I'm quite lucky to work in an industry where things like music festivals are taken really seriously. In fact, often it's deemed "good" if I make the effort to stuff a hold-all full of old clothes and baby wipes and head out of London to the nearest boutique event. And now as iTunes Festival draws to a close, I think it's safe to say we're done for 2013. My first of the summer was, as it often is, Glastonbury. It's a wonderful little world where you can spend hazy evenings wandering through Shangri-La and lazy morning searching for Chai tea in the healing fields. You can overhear people talking about how life doesn't have to be an endless, monotonous drive towards more money and more security, and catch ear of people saying "coke? MD? Coke?" It's the oldest festival. It's the king of festivals. And, as I returned from Bestival roughly two week ago, after an indulgent summer of dragging a beer and mud stained tent up and down the country, I came to a conclusion. Festivals are all, in a way, a bit like Glastonbury.
But why? Well, I - of course - did a little research and discovered something rather odd. It turns out that Glastonbury is in fact not an event, but a living organism that, when it's not entertaining acidheads and Coldplay fans in a field somewhere in Somerset, it's trudging around the UK impregnating random areas of greenery. It's a massive, predatory slag, who spreads it's seed all over Britain like a shaken up can of Fosters.
As you can imagine I was shocked to learn all this, but not altogether surprised. When a colleague and I travelled to the depths of the Lake District to attend the beautiful Kendal Calling, a strange thing happened. After ordering a can of Carlsberg to share, we got chatting to some of the festival locals. They were friendly enough but, when I flippantly said "yeah this place is great - just like a little Glastonbury" the whole field went silent. Suddenly Kendal Calling turned round and shouted "It never calls! It never emails! It only ever bothers to come up after it's been drinking! I don't even know who's headlining it anymore!" The festival let out a deep sob.
"I'm desperate to expand into more dance-orientated territory" Kendal continued, "but I've got this inexplicable connection to weird hippie shit. I didn't even think we had any hippies in the North? Wasn't that a Southern thing?"
My colleague and I simply thought this was one of those arty festival performances and applauded. Now we clearly see it was a cry for help.
I tracked down festival expert Bradley Reel to try and find some answers. We met in an old Volkswagen that he called his office.
"It's been a problem for years maaaan. As Glastonbury has gotten bigger and more famous, it's become sleazier. In the nineties we tried producing these huge condoms to stop it spreading, but punters kept putting DJs inside them and turning them into stages."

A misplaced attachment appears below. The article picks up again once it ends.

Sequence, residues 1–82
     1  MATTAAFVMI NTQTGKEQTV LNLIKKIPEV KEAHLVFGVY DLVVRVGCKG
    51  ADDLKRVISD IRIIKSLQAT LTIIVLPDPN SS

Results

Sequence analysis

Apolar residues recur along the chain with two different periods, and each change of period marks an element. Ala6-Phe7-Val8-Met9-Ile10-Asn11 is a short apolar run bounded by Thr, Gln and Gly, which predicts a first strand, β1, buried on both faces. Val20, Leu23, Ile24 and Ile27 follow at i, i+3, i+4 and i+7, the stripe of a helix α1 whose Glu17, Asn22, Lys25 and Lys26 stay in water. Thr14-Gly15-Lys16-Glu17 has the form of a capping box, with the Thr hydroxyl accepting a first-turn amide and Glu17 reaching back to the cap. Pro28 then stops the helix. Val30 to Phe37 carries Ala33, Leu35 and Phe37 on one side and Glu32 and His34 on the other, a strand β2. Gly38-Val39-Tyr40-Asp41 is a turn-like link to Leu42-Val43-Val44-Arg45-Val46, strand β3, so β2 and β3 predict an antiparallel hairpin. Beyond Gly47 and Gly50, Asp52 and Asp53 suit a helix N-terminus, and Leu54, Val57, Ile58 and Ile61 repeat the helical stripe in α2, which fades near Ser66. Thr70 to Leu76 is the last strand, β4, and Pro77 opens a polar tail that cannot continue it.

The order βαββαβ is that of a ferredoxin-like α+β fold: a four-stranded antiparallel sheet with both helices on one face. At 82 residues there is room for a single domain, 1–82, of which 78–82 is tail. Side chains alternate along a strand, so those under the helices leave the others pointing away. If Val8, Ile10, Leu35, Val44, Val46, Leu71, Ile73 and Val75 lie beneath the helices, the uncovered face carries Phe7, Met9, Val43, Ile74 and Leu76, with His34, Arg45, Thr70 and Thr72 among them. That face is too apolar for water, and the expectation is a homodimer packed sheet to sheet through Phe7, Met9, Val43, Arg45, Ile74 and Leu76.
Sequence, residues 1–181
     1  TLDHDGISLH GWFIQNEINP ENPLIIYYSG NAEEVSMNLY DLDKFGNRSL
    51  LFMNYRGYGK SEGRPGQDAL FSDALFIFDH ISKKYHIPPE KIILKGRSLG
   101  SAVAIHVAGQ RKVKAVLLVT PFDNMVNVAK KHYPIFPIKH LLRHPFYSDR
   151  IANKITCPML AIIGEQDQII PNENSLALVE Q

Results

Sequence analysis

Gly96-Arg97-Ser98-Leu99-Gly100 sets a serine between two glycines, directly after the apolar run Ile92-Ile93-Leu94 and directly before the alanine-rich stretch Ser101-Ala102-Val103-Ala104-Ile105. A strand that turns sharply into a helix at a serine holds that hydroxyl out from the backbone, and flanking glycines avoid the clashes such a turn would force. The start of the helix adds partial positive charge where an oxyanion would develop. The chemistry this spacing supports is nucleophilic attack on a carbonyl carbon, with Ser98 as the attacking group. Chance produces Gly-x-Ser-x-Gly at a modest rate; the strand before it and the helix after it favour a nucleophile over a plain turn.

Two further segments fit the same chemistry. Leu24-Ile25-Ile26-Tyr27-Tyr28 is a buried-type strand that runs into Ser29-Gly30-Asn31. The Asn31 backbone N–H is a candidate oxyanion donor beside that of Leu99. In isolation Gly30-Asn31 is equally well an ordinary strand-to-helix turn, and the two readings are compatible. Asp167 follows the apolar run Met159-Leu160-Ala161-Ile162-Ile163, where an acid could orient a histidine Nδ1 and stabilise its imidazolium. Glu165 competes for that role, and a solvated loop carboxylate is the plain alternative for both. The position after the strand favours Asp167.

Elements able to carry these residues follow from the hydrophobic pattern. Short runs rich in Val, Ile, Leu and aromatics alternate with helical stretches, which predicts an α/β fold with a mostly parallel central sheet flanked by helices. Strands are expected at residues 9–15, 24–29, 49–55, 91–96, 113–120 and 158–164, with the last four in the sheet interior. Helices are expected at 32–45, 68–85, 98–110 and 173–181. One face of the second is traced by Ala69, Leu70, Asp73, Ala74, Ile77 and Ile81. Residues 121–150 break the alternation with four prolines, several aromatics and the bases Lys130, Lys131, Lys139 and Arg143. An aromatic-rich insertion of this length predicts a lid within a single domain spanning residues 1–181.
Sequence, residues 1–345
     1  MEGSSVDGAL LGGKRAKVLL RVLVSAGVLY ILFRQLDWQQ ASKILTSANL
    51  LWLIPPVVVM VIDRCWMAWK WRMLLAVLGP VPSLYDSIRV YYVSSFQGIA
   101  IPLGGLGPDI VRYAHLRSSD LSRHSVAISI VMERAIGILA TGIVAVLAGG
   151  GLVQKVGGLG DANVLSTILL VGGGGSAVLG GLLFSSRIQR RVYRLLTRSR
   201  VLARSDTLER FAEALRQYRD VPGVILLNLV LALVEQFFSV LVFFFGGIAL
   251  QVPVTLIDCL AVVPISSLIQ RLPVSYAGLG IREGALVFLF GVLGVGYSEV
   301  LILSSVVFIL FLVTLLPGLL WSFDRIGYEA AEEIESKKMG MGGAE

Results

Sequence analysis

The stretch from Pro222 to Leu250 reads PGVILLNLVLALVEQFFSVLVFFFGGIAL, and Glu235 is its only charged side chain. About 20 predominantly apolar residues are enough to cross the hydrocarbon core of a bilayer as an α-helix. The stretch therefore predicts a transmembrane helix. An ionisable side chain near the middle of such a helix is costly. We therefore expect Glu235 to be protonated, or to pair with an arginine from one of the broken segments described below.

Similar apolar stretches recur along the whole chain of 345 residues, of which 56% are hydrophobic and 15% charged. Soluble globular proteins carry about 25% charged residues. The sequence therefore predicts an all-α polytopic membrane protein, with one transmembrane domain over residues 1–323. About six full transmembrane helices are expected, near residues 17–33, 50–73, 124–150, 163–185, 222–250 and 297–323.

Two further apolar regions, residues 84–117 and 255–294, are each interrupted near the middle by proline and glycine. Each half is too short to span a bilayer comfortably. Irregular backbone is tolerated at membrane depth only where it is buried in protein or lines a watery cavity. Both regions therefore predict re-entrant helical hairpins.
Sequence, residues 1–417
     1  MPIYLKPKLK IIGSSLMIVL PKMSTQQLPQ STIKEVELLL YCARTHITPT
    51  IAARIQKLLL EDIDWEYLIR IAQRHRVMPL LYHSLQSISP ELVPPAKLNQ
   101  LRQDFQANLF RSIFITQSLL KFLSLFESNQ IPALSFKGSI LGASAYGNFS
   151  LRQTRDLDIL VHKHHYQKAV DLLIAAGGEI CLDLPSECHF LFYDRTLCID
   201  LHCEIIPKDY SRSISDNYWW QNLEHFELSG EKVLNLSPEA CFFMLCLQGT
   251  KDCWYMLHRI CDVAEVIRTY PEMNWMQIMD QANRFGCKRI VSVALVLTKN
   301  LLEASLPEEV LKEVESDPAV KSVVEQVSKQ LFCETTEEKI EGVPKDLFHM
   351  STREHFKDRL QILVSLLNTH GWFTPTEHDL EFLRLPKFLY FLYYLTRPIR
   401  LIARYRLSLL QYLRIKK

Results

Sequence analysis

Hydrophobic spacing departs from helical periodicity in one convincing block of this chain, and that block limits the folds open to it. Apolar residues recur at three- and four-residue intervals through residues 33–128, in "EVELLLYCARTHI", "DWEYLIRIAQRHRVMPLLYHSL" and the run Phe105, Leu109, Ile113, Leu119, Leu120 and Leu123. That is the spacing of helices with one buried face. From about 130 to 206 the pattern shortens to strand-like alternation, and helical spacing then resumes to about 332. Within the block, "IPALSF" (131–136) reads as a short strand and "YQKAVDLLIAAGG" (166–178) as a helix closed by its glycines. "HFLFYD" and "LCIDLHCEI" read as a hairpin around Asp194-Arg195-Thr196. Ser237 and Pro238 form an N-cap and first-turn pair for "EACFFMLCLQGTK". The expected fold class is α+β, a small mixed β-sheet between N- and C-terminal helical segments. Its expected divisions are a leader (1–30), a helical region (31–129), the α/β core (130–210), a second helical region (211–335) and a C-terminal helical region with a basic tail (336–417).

As we continued to talk the damage that Glastonbury has done became more obvious. Feeling abandoned by the Somerset stud, the festival's offspring have started to rebel.
"Just look at them. They've grown up all screwy because they've got no parental guidance. Take V Festival for example. It used to be a nice Britpop festival, now it's become a bit of a slag. Look at who it's friends with! SW4? Wireless? Creamfields? Nothing but uppers."
I travelled across the country to get some answers from the festivals themselves. I tried catching up with The Twins (Reading & Leeds) but apparently they don't talk anymore. Someone close to them told me that whilst Leeds is happy to stay with their rock upbringing, Reading keeps inviting dicks like Eminem along - who then brings all his mates and they make a real mess of the living room.
I also tried to speak with Download and T In The Park. Download wouldn't come out of it's room. It just turned up Megadeath and ignored me. As for T In The Park, it didn't seem to even remember that it was still a festival. Instead, it thought of itself as some kind of pub or AA meeting gone wrong.
I was beginning to lose hope. I took one final trip to the Isle Of White to speak with Bestival. I'd heard that Bestival used to hang out with Glastonbury in the sixties - when it called itself the Isle Of White Festival. After I'd spent about 400 hours actually getting there, I discovered it was just as good as Glastonbury. It had all the quirkiness, all the bands, and was half the size. Plus, it turns out that Bestival is just really nice.
"Yeah me and Glasto used to smoke a lot of weed back in the day" It began, "but I took some time off to sort myself out. Glastonbury just kept going and went a bit mental. We're a bit like Justin Timberlake and Britney Spears in that sense."
After chatting for a while about how the internet is changing everything, how we're genuinely both into old school hip-hop, and about how chips are the best food ever (the usual festival spiel) Bestival gave me Glastonbury's number and said I should get in touch.
So I gave Glastonbury a call. After a long while, the phone ring low, there was finally a clatter and a grumpy "hello" crumbled down the line. I told Glastonbury who I was, what a big fan I was, and asked him - very amicably - why so many festivals existed as a result of it.
There was a slight pause and then, in a voice that's smoked far too many roll-ups without a filter, Glastonbury shouted "because I'm the fucking Daddy!" and hung up.
I couldn't argue and went online to register for 2014.Suggest a correction